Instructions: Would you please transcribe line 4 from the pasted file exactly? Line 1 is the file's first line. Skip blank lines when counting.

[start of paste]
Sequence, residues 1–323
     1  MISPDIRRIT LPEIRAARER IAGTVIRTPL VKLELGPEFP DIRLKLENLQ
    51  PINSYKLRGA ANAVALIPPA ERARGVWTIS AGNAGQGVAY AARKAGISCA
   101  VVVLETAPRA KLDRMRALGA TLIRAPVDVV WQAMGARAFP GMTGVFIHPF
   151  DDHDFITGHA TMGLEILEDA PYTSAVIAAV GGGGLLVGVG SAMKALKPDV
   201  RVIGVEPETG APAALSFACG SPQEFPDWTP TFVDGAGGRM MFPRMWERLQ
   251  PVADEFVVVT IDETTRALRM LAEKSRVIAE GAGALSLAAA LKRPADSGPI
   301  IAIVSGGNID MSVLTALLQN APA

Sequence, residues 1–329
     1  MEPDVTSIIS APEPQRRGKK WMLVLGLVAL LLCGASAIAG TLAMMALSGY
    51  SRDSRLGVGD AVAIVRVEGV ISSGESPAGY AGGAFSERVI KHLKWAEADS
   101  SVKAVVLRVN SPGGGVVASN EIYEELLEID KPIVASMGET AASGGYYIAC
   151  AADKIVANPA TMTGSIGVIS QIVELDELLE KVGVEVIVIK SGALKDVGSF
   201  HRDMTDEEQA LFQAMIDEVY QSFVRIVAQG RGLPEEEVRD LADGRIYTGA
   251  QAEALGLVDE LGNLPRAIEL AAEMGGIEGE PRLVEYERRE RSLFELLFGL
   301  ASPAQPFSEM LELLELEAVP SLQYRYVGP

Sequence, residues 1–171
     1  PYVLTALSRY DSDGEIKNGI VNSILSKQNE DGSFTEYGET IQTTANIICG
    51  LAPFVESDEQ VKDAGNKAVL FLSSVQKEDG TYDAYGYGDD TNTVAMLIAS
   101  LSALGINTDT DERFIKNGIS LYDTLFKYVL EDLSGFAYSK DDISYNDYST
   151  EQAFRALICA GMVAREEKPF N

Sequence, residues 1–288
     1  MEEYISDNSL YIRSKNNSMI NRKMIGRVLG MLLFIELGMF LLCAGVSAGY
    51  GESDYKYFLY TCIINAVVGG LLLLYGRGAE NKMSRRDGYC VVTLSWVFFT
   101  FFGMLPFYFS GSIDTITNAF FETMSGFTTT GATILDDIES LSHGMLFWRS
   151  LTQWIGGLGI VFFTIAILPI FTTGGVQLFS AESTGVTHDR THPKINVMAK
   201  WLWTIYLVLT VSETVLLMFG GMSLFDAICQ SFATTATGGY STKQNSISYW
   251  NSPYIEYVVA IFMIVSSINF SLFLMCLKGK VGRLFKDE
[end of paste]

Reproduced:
   101  VVVLETAPRA KLDRMRALGA TLIRAPVDVV WQAMGARAFP GMTGVFIHPF